Half Humanoid, half Chimpanzoid

This is a discussion on Half Humanoid, half Chimpanzoid within the A Brief History of Cprogramming.com forums, part of the Community Boards category; I asked my biology teacher whether it is possible to have a half human/half chimpanzee offspring. She said that it ...

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    Half Humanoid, half Chimpanzoid

    I asked my biology teacher whether it is possible to have a half human/half chimpanzee offspring. She said that it should be impossible since the chimpanzee has 44 or 48 chromosomes (can't remember), while the human has 46 chromosomes. Although, I read in a science magazine, on a short answer to this question, that this breed could be possible (like it is possible to breed a lion and a tiger).

    From a serious scientific approach, do you think that this breed is possible? Do you know of any examples perhaps?

    Unless you have a serious answer to this topic, which is very welcome, don't reply.

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    The Earth is not flat. Clyde's Avatar
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    Which magazine? I don't know for certain but i would be very suprised if it were possible, they have different numbers of chromosomes, the evolutionary paths diverged quite a long time ago, and if it were possible you would think there would have been some examples.
    Entia non sunt multiplicanda praeter necessitatem

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    I originally read the reply to this question in a magazine named "Illustrerad Vetnskap". I found it available online: http://www.illvet.com/Crosslink.jsp?...1218&id=7052_1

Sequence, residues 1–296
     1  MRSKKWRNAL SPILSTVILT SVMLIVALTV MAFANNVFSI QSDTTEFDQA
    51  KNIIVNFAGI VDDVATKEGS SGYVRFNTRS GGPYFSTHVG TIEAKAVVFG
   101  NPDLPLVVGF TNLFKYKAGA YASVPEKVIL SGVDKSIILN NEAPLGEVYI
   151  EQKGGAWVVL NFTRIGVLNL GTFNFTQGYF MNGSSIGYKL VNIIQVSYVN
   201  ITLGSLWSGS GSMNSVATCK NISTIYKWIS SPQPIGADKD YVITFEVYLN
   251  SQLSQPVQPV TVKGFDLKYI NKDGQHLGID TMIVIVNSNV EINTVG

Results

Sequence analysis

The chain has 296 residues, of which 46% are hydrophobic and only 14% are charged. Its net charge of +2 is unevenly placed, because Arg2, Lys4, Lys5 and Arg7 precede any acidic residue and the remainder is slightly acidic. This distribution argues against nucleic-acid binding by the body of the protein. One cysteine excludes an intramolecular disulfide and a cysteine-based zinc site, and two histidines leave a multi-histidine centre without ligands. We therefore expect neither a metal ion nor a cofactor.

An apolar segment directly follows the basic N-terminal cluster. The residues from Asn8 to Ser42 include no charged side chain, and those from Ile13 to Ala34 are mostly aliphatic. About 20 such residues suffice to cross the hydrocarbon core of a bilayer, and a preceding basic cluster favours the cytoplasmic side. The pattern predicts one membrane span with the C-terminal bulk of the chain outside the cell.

It is in Swedish, and I think that this magazine is for sale only in Scandinavian countries. There might be a version in English though.

    For now, I will attempt to translate the most significant parts of the magazine's answer:

    Question: Is it possible to breed other species than horses and donkeys? Can a human and a chimpanzee produce offspring?

    Answer: In zoos and zoologic gardens, lions and tigers have been known to produce offspring...there are numbers of similar cases, such as offspring between a horse and a zebra. In some cases, even between animals who genetically distinguish more than 10% from each other. Humans and chimpanzees only distinguish 2-3% from each other, and if one overlooks the ethical aspect, a breed between the two should be possible.
    It doesn't mention anything about whether an equal amount of chromosomes is essential to breeding. However, If two species distinguishing more than 10% genetically are able to produce offspring, it seems reasonable to me that two species distinguishing 2-3% should be able to do so.

    Yet, as you wrote Clyde, we don't know of any examples......

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    The Earth is not flat. Clyde's Avatar
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    This answer to a related question seems to suggest that the difference in chromosome number is a barrier:

    http://www.madsci.org/posts/archives...0360.Ge.r.html

    and a more relevent answer from the same site:

    http://www.madsci.org/posts/archives...1655.Ge.r.html
    Last edited by Clyde; 06-19-2004 at 11:01 AM.
    Entia non sunt multiplicanda praeter necessitatem

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    Nosepicker DrakkenKorin's Avatar